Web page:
April 12, 2016
Dump water-holding containers: Prevention key to reducing mosquito-borne illnesses
Eliminating breeding areas for disease-carrying mosquitoes now can prevent illness this summer
With warmer weather right around the corner, officials with the Minnesota Department of Health (MDH) and the Metropolitan Mosquito Control District (MMCD) are encouraging Minnesotans to remove from their property any small water-holding containers that could fill with rainwater this spring and be used as breeding areas by mosquitoes that can carry disease.
All mosquitoes need water for their eggs. Mosquitoes that carry La Crosse encephalitis, a rare but potentially serious viral disease, commonly lay their eggs in stagnant water inside old tires, buckets, cans, tarps and anything else that can hold rainwater for several weeks. While the kinds of mosquitoes that carry Zika virus have not been found to live in Minnesota, they breed in the same kinds of small containers. Removing water-holding containers helps ensure that those mosquitoes would not get a foothold in Minnesota if they were to ever come here.
“When outdoors this spring, take time to look for water-holding containers on your property,” said Kirk Johnson, Vector Ecologist at the Metropolitan Mosquito Control District. “We still have several weeks before the mosquitoes developing in those containers become adults that can bite people. Containers are also much easier to spot now before tree leaves and growing vegetation come out.”
Containers that people wish to keep (for example, 5-gallon pails, wheelbarrows, children’s wading pools), can be turned over when not in use to prevent the collection of rainwater and any possible use as breeding sites by mosquitoes. Property owners can also look for water-holding holes or depressions in trees (often pockets form where two or more trunks meet near the ground) and fill these with soil or sand to prevent mosquito use.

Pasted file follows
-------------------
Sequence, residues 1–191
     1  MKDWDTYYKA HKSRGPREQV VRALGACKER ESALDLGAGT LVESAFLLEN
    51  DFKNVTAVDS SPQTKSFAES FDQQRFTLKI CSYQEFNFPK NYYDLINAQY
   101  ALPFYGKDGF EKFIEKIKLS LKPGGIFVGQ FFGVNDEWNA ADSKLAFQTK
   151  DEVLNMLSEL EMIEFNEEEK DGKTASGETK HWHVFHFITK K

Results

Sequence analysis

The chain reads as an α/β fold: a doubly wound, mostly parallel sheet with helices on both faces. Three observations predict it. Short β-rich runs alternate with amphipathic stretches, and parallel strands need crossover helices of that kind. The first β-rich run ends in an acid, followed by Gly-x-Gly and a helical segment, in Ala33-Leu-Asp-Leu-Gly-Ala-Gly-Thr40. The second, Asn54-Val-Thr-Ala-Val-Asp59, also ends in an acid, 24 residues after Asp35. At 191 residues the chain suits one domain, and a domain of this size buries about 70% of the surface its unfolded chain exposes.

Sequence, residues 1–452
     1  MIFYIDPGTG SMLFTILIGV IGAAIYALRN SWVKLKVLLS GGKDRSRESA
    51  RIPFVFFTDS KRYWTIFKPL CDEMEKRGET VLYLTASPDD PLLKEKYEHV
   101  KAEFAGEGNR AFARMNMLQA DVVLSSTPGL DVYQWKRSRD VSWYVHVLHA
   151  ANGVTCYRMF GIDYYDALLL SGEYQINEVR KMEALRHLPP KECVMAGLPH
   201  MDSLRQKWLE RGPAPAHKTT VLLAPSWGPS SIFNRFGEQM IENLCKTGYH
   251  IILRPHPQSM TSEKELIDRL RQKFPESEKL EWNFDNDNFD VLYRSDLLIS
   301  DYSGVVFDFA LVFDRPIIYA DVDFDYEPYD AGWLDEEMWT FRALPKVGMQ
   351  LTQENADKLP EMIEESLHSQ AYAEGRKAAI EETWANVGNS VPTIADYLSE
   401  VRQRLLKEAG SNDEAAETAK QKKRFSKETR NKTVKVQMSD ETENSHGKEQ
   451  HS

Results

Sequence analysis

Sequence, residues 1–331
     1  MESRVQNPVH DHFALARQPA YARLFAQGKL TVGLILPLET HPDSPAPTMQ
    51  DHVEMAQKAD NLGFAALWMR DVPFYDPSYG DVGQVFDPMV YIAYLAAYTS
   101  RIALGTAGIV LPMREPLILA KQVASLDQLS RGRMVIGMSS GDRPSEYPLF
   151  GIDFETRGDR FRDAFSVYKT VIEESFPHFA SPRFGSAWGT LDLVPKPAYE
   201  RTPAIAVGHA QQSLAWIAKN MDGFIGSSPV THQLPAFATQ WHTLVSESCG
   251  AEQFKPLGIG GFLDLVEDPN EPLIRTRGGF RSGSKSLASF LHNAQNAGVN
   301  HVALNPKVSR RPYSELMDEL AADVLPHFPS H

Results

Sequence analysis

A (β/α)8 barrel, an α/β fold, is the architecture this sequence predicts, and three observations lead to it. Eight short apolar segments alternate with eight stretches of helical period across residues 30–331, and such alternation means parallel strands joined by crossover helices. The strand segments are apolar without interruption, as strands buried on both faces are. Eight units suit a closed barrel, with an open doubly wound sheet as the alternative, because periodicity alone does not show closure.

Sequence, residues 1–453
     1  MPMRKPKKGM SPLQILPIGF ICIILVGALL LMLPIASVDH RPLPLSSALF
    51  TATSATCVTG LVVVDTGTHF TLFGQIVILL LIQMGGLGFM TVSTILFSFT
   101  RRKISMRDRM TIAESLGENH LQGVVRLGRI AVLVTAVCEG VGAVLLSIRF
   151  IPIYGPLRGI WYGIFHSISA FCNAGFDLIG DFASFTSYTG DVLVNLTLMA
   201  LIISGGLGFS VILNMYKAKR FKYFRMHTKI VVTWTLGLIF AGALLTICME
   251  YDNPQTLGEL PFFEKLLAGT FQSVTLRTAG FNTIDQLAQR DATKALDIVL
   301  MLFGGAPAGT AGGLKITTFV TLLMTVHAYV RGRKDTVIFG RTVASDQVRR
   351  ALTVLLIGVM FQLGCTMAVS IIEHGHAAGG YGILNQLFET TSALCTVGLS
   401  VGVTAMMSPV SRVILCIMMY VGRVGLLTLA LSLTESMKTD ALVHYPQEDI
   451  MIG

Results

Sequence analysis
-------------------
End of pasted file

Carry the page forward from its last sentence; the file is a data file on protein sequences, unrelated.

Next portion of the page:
La Crosse encephalitis can cause severe central nervous system problems in children. An average of between one and six cases are reported in Minnesota each year. Most cases occur in children who live near the wooded or shaded areas in southern Minnesota where the Tree Hole mosquito (the main carrier of this virus) lives.
Zika virus has been associated with severe birth defects in babies whose mothers were infected with the virus. The virus generally results in mild illness or no symptoms at all in children or adults. While 12 Minnesotans have been reported with Zika virus this year to date, all have traveled to countries in warmer regions (Caribbean, Central and South America, and Mexico) where local virus transmission is occurring. The two mosquito species known to carry this virus (Aedes aegypti and Aedes albopictus) are not currently found in Minnesota.
“The attention on Zika nationally has prompted us to re-evaluate our mosquito control efforts and how those efforts can help reduce the risk from La Crosse encephalitis, West Nile virus and other vector-borne diseases,” said Dr. Ed Ehlinger, Minnesota Commissioner of Health. “While the specific kinds of mosquitoes carrying the Zika virus are not currently found in Minnesota, removing water-holding containers helps reduce the risk of serious diseases associated with other kinds of mosquitos that are found here. If Aedes aegypti or Aedes albopictus ever get here, we will be ready.”
None of these container-breeding mosquitoes fly far from where they breed, so it is quite possible for people to keep them away from their homes and families by removing the water sources they require.
“A little bit of container removal work right now can go a long way to protect your family this summer,” said Dave Neitzel, MDH Vectorborne Disease Epidemiologist.
For more information on mosquitoes and mosquito-borne disease prevention, visit the preventing mosquito-borne disease MDH webpage.
For more information on mosquito control in the metro area, visit the MMCD website.